We are currently living in one of the most exciting times to be involved in politics. Social media and the internet in general have made us all more socially aware of everything happening than we could have known almost 20 years ago. There is a lot going on right now that is angering large groups of people both left and right. Most people are just trying their best to be heard. In all that noise, there is one band trying to stand out above the rest. Rise Against are back with another album “Wolves,” and it is one politically charged record.
Hardcore punk outfit Rise Against can be traced back all the way to 1999 and are based out of Chicago. While the lineup of the band has shifted from time to time, their sound and stances have essentially stayed the same, in large part thanks to front man Tim McIlrath and most of his activism, which has always played a forefront of the band’s subject matter. From the debut album “The Unraveling” in 2001 to their seventh studio album “The Black Market” in 2014, the band has taken a stance on almost everything from politics, human rights, animal rights and anything in between. Rise Against have never struggled with getting their music on the charts, and that could be in large part thanks to their message and their sound. Now just three years after their last release they are back with their eighth studio album “Wolves.”
“Wolves” is a 11-track record that clocks in at around 40 minutes in length. From the start, you know exactly what you are getting into with this record. It is not trying to hide its politically charged message or anything. There is a unique charm to the more brash way it is put in your face. There are some subtle tone shifts that put this record on par with a lot of their older work than anything on “The Black Market.” Rise Against are just trying to deliver a message on being a decent human being, and “Wolves” certainly delivers that message.
Musically, fans will notice some more subtle guitar tone changes that are apparent. From the lead track “Wolves,” there is a rough edge to the sound that is established early on and is maintained throughout the entire record. That is something you want in a punk rock record for sure. Tracks like “Far From Perfect” and “Politics of Love” have catchy and memorable riffs and are as loud and in your face as you would expect from a Rise Against record. Overall, the record is layered well and is trying to be groundbreaking by any means in what it is doing. This is more the work of a band that found a sound that works for them and is running with it, at the same time trying to keep it fresh. There are no curveballs by any means and tracks like “House on Fire” and “Mourning In Amerika” show off what Rise Against do best as musicians.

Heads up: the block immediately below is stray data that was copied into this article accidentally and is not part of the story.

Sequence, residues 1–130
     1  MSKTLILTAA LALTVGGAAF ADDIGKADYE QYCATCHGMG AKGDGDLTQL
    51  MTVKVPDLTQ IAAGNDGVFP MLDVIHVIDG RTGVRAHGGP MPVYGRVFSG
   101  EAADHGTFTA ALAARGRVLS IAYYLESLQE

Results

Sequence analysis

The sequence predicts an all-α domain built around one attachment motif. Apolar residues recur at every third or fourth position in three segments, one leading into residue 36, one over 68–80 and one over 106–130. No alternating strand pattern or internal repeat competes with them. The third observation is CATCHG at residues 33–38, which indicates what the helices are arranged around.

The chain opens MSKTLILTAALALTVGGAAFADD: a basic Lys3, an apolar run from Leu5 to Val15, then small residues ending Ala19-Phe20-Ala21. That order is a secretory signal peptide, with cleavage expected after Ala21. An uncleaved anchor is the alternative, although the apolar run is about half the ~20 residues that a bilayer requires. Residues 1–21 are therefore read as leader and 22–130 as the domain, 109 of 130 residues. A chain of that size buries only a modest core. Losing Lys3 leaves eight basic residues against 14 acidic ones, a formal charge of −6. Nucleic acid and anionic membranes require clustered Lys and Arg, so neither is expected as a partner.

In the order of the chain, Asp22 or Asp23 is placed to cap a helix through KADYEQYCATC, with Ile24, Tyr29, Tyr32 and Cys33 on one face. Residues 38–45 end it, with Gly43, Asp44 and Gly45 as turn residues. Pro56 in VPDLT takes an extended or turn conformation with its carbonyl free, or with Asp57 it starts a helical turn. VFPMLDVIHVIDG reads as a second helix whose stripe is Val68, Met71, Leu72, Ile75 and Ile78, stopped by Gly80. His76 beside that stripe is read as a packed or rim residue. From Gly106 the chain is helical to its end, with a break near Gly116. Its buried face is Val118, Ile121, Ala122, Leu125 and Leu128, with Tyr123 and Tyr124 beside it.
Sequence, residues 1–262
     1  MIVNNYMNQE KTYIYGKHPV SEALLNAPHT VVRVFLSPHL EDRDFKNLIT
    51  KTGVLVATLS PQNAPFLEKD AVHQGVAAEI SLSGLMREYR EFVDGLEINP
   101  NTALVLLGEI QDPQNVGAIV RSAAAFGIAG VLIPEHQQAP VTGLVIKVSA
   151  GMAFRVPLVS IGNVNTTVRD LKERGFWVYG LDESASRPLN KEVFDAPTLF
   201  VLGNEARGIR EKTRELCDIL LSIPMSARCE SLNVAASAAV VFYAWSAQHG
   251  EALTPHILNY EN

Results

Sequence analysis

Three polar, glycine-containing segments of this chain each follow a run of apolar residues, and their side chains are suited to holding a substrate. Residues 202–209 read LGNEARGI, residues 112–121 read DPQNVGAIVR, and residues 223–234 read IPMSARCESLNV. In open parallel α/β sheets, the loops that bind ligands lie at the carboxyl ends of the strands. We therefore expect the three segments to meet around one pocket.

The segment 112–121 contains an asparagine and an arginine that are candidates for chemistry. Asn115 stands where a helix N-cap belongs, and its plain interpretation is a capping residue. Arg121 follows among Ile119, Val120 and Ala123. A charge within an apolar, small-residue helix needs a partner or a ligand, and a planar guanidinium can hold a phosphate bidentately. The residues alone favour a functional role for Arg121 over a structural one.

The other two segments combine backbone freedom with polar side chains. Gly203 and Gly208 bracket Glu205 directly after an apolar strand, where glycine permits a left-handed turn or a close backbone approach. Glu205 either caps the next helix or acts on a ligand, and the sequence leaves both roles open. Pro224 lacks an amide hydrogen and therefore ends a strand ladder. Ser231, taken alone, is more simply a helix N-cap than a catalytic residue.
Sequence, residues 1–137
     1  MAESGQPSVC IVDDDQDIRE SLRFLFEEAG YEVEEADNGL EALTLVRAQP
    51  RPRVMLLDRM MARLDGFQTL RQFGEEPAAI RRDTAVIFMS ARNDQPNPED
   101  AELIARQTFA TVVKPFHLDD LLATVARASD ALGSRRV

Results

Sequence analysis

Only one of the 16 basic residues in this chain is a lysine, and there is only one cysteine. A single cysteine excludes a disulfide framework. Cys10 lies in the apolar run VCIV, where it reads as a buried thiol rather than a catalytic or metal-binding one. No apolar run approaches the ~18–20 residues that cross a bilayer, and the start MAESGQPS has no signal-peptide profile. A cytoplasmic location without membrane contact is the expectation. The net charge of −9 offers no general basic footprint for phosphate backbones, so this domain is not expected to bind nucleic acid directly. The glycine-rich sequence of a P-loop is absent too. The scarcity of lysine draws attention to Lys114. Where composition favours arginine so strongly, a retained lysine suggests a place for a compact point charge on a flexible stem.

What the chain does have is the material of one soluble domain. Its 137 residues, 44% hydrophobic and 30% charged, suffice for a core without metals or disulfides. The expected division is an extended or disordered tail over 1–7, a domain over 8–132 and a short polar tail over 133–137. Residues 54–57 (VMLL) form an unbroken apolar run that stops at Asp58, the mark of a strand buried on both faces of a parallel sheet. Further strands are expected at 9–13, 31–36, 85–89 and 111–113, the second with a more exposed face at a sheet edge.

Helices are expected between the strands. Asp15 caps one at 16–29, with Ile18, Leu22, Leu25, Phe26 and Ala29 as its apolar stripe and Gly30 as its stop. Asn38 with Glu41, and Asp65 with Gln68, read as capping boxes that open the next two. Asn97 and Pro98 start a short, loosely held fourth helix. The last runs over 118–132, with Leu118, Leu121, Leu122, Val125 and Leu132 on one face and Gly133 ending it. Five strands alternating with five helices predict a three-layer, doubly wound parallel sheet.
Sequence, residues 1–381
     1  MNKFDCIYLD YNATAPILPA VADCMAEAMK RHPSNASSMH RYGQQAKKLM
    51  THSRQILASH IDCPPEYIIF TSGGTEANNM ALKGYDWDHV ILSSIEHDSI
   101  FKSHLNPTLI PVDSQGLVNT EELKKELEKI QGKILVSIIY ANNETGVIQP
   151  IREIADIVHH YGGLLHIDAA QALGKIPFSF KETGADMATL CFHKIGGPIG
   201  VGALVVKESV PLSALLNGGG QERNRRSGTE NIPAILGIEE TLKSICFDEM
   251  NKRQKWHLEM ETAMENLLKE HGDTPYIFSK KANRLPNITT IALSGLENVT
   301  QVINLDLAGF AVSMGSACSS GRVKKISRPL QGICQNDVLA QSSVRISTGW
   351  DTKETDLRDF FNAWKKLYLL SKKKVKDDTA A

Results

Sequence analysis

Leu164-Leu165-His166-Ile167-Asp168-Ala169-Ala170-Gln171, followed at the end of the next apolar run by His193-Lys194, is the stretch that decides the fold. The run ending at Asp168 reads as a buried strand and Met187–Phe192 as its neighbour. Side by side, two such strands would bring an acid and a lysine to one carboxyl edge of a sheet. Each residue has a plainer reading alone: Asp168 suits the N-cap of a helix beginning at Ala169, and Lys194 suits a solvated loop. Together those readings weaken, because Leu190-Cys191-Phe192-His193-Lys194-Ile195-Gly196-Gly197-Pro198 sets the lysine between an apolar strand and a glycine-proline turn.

Lyrically, there is a lot to say about this record. Nothing is as surface level as it appears to be. You can hear the frustration the band has with the current political climate, especially in tracks like “Bullshit.” Then you begin to listen to something like “The Violence” or “Parts Per Million” that beg you to reflect on your own choices in life. The whole record is meant for the listener to come away as a more self-reflective person. There is a lot to be learned from listening to “Wolves” from start to finish. That being said, this is not a record for everyone, and it is going to anger certain demographics. However, that is exactly what anything from Rise Against is designed to do. “Wolves” is a record that is meant to inform, educate and inspire people to go out and make a change for the better. While it does a certain political nature, it is hard not to admire its intentions.
Should you listen to it?: Absolutely!
“Wolves” came at a perfect time in America. With everything going on, it is hard not to recommend listening to something like this record. Rise Against have always done a great job at challenging beliefs and motivating the masses and certainly are not slowing down any time soon. What the band has created is not meant for everyone, that is fair, but fans or not of the band and their message it is well worth the listen at the very least.